NYFF: 'American Utopia' Sets a Glorious Tone for Our Difficult Times

Spike Lee's crisp concert film of David Byrne's Broadway show, American Utopia, embraces the hopes and anxieties of the present moment.


South Africa's Phelimuncasi Thrill with Their Gqom Beats on '2013-2019'

A new Phelimuncasi anthology from Nyege Nyege Tapes introduces listeners to gqom and the dancefloors of Durban, South Africa.


Wolf Parade's 'Apologies to the Queen Mary' Turns 15

Wolf Parade's debut, Apologies to the Queen Mary, is an indie rock classic. It's a testament to how creative, vital, and exciting the indie rock scene felt in the 2000s.


What 'O Brother, Where Art Thou?' Gets Right (and Wrong) About America

Telling the tale of the cyclops through the lens of high and low culture, in O'Brother, Where Art Thou? the Coens hammer home a fatalistic criticism about the ways that commerce, violence, and cosmetic Christianity prevail in American society .


Literary Scholar Andrew H. Miller On Solitude As a Common Bond

Andrew H. Miller's On Not Being Someone Else considers how contemplating other possibilities for one's life is a way of creating meaning in the life one leads.


Fransancisco's "This Woman's Work" Cover Is Inspired By Heartache (premiere)

Indie-folk brothers Fransancisco dedicate their take on Kate Bush's "This Woman's Work" to all mothers who have lost a child.


Rodd Rathjen Discusses 'Buoyancy', His Film About Modern Slavery

Rodd Rathjen's directorial feature debut, Buoyancy, seeks to give a voice to the voiceless men and boys who are victims of slavery in Southeast Asia.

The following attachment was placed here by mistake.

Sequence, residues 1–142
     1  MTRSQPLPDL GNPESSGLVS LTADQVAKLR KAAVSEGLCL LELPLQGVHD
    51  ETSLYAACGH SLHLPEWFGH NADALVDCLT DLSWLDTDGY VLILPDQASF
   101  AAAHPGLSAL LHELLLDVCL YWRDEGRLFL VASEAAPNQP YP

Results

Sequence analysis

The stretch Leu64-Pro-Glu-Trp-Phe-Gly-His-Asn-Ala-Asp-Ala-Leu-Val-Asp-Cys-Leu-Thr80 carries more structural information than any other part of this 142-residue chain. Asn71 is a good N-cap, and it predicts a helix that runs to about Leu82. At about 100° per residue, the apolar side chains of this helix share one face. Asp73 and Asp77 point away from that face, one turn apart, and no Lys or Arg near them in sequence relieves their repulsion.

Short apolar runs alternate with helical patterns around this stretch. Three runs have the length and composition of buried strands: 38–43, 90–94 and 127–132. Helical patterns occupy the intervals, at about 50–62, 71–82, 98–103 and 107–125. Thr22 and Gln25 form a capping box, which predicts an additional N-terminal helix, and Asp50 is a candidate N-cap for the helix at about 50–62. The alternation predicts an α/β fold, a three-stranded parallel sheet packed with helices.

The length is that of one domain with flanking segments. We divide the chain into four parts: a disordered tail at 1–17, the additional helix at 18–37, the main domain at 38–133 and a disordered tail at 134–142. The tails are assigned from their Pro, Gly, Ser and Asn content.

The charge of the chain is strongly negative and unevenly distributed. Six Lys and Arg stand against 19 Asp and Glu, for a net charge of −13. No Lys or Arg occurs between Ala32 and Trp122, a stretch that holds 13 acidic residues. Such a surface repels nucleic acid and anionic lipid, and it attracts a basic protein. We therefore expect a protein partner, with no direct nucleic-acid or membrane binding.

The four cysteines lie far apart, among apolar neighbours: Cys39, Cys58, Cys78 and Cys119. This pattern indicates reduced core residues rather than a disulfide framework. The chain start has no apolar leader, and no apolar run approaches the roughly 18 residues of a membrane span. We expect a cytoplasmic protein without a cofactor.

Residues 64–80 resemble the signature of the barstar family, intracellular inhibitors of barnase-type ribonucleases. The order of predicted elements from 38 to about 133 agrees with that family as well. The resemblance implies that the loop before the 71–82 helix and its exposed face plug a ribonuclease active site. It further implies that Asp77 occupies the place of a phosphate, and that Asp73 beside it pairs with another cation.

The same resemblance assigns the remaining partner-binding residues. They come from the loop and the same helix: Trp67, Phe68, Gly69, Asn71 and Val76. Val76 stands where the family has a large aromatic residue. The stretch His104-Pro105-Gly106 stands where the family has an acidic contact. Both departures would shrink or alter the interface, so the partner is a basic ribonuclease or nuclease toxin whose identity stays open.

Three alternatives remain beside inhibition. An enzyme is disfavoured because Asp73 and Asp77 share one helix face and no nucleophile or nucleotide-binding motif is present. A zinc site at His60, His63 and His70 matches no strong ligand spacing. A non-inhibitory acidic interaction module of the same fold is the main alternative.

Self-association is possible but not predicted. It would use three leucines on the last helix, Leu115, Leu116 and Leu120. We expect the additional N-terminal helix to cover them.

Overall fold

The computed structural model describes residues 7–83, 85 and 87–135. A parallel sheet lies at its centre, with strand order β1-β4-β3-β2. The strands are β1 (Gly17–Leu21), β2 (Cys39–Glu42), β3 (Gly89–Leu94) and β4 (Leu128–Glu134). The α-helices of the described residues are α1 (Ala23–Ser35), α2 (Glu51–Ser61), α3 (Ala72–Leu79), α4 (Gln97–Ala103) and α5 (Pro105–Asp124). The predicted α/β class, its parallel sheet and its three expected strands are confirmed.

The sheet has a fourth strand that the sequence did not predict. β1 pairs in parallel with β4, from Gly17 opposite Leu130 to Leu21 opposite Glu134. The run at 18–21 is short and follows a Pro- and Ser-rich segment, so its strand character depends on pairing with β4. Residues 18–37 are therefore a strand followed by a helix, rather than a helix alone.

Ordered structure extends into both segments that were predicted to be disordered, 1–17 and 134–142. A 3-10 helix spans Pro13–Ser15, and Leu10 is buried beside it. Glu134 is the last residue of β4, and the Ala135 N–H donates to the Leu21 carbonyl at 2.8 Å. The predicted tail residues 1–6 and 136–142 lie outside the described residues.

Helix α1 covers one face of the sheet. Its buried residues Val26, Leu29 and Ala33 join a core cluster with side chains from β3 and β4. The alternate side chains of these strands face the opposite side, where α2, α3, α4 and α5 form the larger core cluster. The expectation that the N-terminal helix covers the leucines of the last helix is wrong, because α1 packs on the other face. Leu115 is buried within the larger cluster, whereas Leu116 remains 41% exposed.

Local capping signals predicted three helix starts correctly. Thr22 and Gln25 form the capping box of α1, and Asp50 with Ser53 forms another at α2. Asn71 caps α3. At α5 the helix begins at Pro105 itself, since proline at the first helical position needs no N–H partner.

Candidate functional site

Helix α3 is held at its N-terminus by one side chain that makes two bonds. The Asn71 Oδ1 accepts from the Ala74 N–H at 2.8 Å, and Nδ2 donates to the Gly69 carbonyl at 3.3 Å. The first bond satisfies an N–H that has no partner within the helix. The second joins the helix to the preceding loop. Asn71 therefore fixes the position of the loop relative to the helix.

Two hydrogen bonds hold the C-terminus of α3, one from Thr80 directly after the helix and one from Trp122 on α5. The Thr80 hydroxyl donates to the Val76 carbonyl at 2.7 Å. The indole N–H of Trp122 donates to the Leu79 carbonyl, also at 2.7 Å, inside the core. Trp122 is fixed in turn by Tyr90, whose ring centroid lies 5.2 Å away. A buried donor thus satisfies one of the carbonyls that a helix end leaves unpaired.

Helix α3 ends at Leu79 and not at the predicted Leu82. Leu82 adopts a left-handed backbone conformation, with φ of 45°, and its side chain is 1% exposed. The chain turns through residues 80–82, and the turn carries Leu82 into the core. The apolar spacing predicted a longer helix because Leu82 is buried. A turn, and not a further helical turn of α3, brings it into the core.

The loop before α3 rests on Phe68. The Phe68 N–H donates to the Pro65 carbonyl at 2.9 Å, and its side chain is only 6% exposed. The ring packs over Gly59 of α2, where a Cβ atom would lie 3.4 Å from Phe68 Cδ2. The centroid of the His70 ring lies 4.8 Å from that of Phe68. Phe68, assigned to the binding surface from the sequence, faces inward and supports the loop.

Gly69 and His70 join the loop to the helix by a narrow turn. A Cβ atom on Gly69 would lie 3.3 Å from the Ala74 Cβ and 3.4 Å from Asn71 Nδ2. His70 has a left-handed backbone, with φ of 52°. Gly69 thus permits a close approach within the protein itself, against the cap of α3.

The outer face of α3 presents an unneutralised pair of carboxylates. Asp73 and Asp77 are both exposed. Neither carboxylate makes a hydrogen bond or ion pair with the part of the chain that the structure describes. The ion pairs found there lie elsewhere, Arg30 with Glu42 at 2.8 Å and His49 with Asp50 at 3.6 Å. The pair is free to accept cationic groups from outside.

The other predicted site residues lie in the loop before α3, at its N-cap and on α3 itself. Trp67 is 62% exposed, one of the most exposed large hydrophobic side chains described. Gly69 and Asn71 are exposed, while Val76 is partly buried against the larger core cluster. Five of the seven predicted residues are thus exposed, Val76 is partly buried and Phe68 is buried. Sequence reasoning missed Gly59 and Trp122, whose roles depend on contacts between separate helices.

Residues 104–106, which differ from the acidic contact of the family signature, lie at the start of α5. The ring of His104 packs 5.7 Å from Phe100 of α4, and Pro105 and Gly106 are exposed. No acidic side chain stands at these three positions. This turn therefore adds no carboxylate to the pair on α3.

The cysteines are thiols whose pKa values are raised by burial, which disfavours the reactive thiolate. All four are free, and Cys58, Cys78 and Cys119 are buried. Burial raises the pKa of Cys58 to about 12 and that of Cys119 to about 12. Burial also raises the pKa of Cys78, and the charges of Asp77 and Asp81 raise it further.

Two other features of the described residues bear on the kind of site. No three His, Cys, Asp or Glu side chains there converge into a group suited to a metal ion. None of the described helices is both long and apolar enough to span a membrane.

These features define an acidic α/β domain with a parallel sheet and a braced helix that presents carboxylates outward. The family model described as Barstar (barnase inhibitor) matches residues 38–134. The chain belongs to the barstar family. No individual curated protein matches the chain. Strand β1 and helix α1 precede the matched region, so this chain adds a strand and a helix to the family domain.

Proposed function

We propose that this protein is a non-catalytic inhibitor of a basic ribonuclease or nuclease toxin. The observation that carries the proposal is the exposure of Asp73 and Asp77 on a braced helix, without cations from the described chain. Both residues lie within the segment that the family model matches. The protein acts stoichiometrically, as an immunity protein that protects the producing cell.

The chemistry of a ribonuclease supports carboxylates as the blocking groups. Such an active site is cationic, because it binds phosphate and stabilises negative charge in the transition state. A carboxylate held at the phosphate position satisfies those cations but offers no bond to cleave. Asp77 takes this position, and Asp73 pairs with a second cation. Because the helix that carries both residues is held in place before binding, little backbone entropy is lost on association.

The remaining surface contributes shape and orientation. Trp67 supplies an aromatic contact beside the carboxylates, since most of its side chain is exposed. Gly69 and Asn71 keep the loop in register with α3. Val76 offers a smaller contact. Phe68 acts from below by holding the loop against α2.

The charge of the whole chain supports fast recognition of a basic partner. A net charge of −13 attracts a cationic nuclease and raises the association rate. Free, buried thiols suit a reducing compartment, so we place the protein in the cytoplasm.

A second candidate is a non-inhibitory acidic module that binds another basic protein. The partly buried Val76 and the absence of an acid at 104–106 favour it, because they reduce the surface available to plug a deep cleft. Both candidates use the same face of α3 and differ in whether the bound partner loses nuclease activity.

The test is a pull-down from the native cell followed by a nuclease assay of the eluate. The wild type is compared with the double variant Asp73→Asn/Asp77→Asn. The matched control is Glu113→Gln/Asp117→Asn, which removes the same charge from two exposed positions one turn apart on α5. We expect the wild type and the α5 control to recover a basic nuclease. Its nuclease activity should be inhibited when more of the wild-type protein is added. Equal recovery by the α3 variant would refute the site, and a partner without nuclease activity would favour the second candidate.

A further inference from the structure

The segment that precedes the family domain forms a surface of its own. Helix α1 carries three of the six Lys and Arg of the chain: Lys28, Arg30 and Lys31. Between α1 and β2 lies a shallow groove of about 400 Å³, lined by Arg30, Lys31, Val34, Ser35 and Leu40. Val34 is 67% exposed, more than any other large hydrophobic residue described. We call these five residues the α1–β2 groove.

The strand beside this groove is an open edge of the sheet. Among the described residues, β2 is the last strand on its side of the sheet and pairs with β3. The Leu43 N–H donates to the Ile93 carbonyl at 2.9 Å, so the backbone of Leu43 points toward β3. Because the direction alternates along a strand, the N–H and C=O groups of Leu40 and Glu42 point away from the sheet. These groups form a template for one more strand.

Hear the New, Classic Pop of the Parson Red Heads' "Turn Around" (premiere)

The Parson Red Heads' "Turn Around" is a pop tune, but pop as heard through ears more attuned to AM radio's glory days rather than streaming playlists and studio trickery.


Blitzen Trapper on the Afterlife, Schizophrenia, Civil Unrest and Our Place in the Cosmos

Influenced by the Tibetan Book of the Dead, Blitzen Trapper's new album Holy Smokes, Future Jokes plumbs the comedic horror of the human condition.


Chris Smither's "What I Do" Is an Honest Response to Old Questions (premiere + interview)

How does Chris Smither play guitar that way? What impact does New Orleans have on his music? He might not be able to answer those questions directly but he can sure write a song about it.

Love in the Time of Coronavirus

Fire in the Time of Coronavirus

If we venture out our front door we might inhale both a deadly virus and pinpoint flakes of ash. If we turn back in fear we may no longer have a door behind us.

Collapse Expand Reviews

Collapse Expand Features

PM Picks
Collapse Expand Pm Picks

© 1999-2020 All rights reserved.
PopMatters is wholly independent, women-owned and operated.